Barton had started out at Microsoft, where, in the mid-nineties, while running the travel-business unit, he came up with the idea of selling airline tickets through the Internet. Back then, this, too, ran counter to social norms. Responsible people did not give their credit-card information to a computer; if you wanted to buy a plane ticket, you talked to your local travel agent, who gave you crumbs of information. “You had to literally ask what the prices and schedules were,” Barton recalled recently.

In 1996, he persuaded Bill Gates to spin off Microsoft’s travel unit as its own company, Expedia, which, with other sites, changed the travel landscape. Customers discovered that they could not only buy plane tickets online but also tap into huge caches of information in order to get the best deals. Airlines, now that they no longer had to pay commissions to travel agents, could lower their ticket prices; travel agents could enroll in culinary school, or take up woodworking.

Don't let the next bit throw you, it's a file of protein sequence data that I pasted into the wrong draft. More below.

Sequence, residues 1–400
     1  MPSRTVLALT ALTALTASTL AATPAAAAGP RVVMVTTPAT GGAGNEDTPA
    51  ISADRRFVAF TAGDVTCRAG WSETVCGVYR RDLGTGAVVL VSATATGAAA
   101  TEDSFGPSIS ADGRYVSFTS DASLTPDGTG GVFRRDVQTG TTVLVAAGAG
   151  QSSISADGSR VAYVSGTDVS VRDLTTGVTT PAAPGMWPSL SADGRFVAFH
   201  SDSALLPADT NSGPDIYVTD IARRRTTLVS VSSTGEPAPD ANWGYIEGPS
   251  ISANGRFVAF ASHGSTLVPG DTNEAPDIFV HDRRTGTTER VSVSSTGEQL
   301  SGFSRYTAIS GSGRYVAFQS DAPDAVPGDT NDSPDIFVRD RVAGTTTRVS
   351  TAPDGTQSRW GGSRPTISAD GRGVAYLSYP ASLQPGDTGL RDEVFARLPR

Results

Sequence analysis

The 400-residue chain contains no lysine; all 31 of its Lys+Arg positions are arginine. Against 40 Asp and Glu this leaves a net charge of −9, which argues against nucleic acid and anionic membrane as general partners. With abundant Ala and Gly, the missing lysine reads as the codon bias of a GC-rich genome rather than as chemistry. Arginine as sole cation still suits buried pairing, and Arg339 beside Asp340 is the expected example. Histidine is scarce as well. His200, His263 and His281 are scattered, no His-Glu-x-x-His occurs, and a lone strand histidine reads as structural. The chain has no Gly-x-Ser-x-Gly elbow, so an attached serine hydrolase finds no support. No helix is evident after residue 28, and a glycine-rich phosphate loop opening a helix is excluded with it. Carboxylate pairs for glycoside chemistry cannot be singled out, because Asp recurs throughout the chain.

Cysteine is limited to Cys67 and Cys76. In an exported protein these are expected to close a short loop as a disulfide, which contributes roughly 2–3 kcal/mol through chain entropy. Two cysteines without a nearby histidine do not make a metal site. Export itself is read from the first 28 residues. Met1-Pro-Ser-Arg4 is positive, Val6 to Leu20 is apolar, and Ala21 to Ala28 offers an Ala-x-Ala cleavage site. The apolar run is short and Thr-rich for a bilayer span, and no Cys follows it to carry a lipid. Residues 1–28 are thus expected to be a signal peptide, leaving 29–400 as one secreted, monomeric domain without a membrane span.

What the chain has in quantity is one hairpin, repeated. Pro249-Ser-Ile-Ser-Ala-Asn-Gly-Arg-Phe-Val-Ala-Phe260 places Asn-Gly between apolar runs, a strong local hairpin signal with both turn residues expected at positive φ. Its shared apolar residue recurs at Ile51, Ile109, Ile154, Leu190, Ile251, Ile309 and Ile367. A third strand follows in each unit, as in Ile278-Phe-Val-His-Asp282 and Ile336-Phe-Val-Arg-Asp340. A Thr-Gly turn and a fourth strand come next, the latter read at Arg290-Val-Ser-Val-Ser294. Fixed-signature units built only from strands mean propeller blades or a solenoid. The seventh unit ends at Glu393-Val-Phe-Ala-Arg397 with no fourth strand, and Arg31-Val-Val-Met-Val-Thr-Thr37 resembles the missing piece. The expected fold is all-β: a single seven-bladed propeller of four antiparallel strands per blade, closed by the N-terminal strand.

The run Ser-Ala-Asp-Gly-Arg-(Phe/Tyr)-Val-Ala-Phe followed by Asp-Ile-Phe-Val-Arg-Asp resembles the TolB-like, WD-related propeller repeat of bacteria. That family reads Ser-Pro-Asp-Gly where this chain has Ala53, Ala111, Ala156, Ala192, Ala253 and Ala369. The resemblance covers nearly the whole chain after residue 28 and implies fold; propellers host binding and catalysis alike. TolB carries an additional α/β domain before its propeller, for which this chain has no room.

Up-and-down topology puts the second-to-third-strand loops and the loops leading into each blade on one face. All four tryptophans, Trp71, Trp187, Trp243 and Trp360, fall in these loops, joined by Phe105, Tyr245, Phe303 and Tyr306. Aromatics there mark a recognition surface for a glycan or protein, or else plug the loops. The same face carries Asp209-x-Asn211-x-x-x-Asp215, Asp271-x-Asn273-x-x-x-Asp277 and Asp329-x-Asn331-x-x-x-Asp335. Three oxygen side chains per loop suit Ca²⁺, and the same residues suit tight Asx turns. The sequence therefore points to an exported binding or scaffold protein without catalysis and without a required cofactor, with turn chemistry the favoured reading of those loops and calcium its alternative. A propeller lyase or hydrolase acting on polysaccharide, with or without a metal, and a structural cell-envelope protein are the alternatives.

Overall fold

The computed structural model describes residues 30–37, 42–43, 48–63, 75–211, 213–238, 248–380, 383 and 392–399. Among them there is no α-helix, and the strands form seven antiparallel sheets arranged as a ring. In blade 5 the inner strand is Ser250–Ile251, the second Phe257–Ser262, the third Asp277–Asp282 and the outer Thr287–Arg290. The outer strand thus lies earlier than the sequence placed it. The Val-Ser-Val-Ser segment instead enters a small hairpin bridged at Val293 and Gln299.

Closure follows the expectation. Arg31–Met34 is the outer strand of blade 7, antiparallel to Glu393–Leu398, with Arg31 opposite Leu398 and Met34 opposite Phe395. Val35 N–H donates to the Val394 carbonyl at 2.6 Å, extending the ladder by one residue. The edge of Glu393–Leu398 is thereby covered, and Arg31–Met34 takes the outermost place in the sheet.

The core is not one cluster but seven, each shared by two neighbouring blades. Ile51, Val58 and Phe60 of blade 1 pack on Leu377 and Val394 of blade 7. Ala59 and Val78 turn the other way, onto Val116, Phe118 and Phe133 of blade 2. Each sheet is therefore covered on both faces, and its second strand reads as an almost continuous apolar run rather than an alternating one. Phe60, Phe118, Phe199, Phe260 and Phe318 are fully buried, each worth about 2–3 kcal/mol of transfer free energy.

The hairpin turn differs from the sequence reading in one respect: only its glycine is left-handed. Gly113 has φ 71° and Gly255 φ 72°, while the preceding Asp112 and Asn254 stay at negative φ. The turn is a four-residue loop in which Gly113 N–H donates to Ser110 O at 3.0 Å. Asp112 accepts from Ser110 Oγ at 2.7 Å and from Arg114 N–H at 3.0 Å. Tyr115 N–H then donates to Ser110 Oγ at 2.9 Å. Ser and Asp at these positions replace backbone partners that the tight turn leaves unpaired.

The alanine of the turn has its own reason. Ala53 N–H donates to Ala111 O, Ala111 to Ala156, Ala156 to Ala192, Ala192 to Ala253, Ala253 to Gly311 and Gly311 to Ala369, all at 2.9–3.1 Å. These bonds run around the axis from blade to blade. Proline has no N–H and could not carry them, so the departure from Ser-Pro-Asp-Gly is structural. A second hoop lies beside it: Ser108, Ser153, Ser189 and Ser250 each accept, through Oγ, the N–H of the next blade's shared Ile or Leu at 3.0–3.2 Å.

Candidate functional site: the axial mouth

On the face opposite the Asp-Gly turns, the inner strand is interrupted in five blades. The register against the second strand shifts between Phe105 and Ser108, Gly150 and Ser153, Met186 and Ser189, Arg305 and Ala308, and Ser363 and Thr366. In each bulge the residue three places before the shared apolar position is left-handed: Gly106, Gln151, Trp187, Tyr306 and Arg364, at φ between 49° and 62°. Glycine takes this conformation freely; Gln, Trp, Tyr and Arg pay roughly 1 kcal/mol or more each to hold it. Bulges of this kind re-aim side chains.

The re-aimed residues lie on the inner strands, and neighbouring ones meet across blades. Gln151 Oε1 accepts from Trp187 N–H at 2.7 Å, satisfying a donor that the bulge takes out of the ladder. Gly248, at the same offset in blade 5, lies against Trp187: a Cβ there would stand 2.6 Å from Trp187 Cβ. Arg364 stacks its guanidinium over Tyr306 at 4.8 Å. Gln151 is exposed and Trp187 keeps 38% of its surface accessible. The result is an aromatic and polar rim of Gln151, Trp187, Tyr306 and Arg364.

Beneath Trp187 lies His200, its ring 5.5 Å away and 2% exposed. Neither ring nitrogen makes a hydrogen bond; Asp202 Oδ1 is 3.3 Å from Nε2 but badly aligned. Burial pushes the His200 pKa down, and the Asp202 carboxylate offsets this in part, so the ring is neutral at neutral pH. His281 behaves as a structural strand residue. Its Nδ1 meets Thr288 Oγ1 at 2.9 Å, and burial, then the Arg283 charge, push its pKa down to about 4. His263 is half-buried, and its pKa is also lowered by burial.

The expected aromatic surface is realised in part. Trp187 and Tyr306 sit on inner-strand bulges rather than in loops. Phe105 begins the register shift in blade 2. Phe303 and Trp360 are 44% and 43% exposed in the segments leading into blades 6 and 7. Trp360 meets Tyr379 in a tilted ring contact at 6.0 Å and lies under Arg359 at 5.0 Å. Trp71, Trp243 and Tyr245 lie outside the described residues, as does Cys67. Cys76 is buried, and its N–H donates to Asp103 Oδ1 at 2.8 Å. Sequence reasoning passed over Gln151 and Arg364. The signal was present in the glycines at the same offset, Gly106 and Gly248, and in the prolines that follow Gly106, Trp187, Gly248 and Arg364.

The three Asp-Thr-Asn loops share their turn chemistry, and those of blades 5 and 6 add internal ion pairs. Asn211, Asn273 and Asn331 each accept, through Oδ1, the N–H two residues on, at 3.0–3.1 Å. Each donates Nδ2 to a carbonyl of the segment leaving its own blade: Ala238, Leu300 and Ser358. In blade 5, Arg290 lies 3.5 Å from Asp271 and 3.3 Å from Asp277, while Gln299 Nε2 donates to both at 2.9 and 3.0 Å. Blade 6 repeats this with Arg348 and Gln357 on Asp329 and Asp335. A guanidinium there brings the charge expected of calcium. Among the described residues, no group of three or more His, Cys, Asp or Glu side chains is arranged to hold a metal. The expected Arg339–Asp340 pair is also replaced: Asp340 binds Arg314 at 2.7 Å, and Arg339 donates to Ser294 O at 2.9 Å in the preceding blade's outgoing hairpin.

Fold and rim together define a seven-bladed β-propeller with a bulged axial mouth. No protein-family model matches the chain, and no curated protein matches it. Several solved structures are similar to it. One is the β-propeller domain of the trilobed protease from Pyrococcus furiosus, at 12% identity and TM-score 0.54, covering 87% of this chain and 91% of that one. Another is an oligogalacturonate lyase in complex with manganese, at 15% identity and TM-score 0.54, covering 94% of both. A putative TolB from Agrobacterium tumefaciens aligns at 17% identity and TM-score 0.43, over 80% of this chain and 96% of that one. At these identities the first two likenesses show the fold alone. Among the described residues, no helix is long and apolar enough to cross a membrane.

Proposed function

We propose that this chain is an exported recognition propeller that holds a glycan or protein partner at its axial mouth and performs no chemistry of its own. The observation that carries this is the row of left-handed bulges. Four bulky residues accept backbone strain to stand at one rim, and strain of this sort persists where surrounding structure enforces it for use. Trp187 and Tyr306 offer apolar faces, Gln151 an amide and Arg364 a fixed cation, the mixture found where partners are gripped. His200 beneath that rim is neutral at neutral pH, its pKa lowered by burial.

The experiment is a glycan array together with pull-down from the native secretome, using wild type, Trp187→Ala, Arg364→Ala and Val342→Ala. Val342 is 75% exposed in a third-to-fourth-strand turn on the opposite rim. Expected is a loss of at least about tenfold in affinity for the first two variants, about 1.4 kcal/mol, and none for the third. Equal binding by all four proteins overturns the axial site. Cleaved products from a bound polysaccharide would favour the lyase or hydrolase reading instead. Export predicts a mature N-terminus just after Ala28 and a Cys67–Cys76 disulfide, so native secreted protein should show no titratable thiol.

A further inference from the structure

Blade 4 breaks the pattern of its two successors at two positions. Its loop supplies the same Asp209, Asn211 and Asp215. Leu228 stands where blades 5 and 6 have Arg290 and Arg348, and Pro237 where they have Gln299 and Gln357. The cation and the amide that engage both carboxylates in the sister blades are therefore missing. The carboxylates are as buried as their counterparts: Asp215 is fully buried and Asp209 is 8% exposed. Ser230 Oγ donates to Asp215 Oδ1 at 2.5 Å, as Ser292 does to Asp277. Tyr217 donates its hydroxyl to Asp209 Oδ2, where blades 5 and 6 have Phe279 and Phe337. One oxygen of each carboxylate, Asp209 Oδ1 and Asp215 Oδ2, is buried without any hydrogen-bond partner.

Lizzie Widdicombe, Improving Workplace Culture, One Review at a Time, The New Yorker January 22, 2018